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Chapter 24 - Drug Therapy for Heart Failure
Terms in this set (7)
Overview of Heart Failure
heart cannot pump enough blood to meet the body tissue's needs for oxygen & nutrients
result from impaired myocardial contraction during systole, impaired relaxation & filling of ventricles during diastole, or a combination
accumulation of fluid in the lungs & peripheral tissues
Etiology of Heart Failure
HTN, cardiomyopathy, acute MI, volume overload, renal failure, hypermetabolic states
Narrowing of lumen can lead to blood clot formation & vasoconstriction
CAD & HTN most common conditions
Hyperthyroidism is hypermetabolic condition that is a major causative factor in developing heart failure.
Fluid volume overload impairs the pumping ability of the heart. Can be caused by renal failure, excessive IV fluids, certain meds. (corticosteroids, estrogen, NSAIDS).
Pathophysiology of Heart Failure
Results in low cardiac output & inadequate filling of arteries
High levels of catecholamine & endothelin
Catecholamine: increase force of myocardial contractility, increase HR & constrict blood vessels.
Endothelin (increased in heart failure): potent vasoconstrictor
Activation of renin-angiotensin-aldosterone system
* renin is an enzyme produced in the kidneys in response to impaired blood flow & tissue perfusion. The release of renin stimulates the production of angiotensin II. Angiotensin II is a powerful vasoconstrictor.
* Impairs cardiac function by increasing resistance (afterload) against which the ventricle ejects blood. This increases the filling pressures inside the heart, which increases the stress on the heart.
Two types: right-sided & left-sided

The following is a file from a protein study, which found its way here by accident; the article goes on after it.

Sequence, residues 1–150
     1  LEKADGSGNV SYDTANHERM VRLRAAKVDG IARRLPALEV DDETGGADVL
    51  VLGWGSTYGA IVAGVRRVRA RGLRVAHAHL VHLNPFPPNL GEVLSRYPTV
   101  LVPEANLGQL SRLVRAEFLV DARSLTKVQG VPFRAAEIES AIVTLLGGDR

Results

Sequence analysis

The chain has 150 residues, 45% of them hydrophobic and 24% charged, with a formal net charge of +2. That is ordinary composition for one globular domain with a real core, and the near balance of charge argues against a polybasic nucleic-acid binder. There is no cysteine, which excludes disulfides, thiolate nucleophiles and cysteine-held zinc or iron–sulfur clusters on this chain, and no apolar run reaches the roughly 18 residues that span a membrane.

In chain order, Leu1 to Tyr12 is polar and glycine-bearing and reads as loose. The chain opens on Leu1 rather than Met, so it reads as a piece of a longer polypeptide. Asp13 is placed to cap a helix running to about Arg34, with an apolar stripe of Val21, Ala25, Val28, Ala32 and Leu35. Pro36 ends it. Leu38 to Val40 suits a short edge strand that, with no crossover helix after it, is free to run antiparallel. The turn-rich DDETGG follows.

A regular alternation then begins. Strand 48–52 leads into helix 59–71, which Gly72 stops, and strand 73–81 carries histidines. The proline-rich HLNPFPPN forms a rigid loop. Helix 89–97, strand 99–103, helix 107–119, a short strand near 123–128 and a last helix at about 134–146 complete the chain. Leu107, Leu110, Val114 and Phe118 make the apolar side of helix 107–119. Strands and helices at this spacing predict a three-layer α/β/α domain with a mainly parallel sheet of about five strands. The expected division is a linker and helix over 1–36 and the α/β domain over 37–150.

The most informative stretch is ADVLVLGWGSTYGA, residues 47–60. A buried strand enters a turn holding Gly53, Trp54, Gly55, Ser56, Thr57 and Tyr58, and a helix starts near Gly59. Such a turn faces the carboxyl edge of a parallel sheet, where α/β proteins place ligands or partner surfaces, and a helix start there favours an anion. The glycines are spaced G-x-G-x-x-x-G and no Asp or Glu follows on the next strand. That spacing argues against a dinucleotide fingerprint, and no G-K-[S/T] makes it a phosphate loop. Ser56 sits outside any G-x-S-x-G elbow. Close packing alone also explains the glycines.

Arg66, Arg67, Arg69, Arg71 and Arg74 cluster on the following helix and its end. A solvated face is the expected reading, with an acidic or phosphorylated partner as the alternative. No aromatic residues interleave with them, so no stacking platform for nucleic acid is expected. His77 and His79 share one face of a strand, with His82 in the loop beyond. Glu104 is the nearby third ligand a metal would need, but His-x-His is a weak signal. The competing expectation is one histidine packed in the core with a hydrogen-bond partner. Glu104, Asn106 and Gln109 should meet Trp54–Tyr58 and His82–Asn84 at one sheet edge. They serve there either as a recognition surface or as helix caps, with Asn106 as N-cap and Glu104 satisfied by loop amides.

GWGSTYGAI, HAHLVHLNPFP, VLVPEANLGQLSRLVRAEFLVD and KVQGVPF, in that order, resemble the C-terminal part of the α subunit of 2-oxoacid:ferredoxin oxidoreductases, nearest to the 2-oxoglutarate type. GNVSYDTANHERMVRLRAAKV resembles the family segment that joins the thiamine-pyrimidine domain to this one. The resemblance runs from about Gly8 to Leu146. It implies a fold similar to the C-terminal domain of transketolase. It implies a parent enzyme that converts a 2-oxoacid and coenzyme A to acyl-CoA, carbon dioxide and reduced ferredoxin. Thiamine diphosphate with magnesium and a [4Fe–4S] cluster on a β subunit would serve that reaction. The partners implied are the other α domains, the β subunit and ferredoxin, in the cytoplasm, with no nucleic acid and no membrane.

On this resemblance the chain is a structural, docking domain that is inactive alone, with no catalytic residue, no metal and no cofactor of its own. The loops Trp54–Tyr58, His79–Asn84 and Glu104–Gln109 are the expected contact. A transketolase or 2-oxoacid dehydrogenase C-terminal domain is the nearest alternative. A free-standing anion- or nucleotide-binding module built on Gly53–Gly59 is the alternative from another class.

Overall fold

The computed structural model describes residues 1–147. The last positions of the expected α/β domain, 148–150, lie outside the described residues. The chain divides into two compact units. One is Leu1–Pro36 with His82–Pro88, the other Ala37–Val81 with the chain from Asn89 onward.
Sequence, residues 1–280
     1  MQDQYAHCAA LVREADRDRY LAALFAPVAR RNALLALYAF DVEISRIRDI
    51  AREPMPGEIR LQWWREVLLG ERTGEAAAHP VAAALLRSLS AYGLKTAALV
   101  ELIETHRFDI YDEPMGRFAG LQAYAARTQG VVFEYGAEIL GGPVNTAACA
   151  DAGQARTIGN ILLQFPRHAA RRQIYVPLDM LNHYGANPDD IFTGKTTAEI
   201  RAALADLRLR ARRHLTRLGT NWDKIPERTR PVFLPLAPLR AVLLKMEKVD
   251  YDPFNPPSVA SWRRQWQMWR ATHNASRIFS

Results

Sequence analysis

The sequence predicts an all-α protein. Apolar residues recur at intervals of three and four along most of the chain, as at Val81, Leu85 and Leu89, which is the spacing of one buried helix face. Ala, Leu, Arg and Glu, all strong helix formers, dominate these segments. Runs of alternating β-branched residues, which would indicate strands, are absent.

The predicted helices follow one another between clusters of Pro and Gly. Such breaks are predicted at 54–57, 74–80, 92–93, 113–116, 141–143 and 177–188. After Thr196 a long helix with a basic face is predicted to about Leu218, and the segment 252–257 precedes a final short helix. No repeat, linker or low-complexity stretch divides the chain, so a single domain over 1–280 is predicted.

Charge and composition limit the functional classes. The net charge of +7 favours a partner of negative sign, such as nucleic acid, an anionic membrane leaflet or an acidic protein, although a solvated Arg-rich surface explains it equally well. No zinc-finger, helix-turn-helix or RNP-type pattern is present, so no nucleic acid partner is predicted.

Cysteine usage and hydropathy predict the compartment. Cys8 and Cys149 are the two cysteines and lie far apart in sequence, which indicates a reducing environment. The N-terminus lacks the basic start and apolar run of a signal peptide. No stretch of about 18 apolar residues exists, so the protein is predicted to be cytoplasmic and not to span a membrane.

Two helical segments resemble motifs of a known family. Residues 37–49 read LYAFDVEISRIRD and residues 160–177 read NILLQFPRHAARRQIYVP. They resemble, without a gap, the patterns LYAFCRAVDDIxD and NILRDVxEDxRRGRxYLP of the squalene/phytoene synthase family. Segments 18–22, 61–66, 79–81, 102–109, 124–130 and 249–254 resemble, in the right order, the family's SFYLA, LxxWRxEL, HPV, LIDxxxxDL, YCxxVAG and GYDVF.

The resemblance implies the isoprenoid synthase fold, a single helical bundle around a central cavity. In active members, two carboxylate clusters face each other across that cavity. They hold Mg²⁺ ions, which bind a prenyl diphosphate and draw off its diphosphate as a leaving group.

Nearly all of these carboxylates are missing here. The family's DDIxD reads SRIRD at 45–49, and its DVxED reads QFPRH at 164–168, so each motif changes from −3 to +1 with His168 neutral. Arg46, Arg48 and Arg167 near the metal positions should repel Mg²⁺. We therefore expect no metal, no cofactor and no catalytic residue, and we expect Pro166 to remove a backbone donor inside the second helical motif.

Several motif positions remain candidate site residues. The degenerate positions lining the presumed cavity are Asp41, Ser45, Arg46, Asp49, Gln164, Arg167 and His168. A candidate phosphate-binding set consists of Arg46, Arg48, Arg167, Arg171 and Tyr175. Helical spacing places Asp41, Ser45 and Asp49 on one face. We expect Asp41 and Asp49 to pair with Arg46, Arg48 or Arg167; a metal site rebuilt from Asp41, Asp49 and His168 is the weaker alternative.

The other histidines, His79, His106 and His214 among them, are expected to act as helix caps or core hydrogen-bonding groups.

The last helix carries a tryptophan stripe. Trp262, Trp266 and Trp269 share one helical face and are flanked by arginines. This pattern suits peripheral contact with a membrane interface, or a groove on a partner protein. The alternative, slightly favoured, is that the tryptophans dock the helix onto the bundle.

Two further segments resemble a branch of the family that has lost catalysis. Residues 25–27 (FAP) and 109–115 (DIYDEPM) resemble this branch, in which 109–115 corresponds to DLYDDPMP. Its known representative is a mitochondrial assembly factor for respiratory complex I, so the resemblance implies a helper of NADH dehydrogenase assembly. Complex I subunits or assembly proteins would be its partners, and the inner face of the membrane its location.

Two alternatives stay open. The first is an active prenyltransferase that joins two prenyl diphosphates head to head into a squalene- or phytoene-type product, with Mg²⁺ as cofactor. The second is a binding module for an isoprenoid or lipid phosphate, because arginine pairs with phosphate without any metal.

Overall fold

Right-Sided Heart Failure
Results from accumulation of blood in systemic venous system
Failure results in an increase in the right atrial, right ventricular, end-diastolic, & systemic venous pressures
Causes: stenosis or regurgitation of the pulmonic or tricuspid valves, right-sided ventricular infarction, cardiomyopathy, or recurrent left-sided failure
Stenosis = the abnormal narrowing of a passage in the body
Regurgitation = the reflux of blood through defective heart valves
S/S Right-Sided Heart Failure
cor pulmonale - an alteration in the structure and function of the right ventricle (RV) of the heart caused by a primary disorder of the respiratory system. Can develop secondary to a wide variety of cardiopulmonary disease processes
SWELLING (fluid is backing up in the right side of the heart which causes fluid to back-up in the hepatic veins and peripheral veins)
S = Swelling of legs, hands, liver, abdomen
W = Weight gain
E = Edema (pitting)
L = Large neck veins (jugular venous distention)
L = Lethargic (weak and very tired)
I = Irregular heart rate (atrial fibrillation)
N = Nocturia (frequent urination at night) lying down elevates the legs and allows the extra fluid to enter into the vascular system which allows the kidneys to eliminate the extra fluid.
G = Girth/Circumference of abdomen increased (from swelling of the liver and building up fluid in the abdomen)...can't breathe well and this causes nausea and anorexia.
Left-Sided Heart Failure
Results in a decrease in cardiac output from increase in left atrial & left ventricular end-diastolic pressures & congestion in the pulmonary circulation
Most commonly caused by MI or cardiomyopathy
S/S Left-Sided Heart Failure
DROWNING (these patients are literally drowning in their own fluid from the heart's failure to pump efficiently)
D = Difficult breathing
R = Rales (Crackle)
O = Orthopnea (cannot tolerate lying down...must sit-up to breath, especially while sleeping)
W = Weakness (extremely tired and fatigued due to SOB and heart can't compensate for increased activity)
N = Nocturnal Paroxysmal dyspnea (awaking during sleep with extreme dyspnea)
I = Increased heart rate (due to fluid overload and the heart is trying to get the blood to organs but it can't because of muscle failure)
N = Nagging cough (can be frothy/Foamy or blood-tinged sputum from fluid overload in the lungs...very bad sign)
G = Gaining weight from the body retaining fluid...2 to 3 lb in a day or 5 lbs in a week
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